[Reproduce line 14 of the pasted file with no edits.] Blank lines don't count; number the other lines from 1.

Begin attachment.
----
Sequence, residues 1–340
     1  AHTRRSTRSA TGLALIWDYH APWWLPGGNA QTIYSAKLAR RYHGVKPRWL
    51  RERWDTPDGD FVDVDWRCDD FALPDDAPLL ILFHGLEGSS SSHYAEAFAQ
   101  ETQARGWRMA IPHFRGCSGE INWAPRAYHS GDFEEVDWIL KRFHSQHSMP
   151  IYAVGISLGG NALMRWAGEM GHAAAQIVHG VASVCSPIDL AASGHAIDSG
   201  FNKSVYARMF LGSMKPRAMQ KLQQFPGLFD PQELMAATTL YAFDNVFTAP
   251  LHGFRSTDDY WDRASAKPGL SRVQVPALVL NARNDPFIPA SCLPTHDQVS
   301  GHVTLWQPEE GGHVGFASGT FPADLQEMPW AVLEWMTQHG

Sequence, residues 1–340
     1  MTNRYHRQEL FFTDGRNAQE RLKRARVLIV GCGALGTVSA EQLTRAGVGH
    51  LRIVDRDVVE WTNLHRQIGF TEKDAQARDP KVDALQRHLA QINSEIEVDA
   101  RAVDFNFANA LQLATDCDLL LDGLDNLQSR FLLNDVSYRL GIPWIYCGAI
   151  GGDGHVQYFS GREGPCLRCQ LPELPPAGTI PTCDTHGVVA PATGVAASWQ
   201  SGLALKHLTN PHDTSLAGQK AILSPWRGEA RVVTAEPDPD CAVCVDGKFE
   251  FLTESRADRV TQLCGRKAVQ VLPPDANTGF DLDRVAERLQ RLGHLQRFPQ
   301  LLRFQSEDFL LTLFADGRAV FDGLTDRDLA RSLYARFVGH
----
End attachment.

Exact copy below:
   201  SGLALKHLTN PHDTSLAGQK AILSPWRGEA RVVTAEPDPD CAVCVDGKFE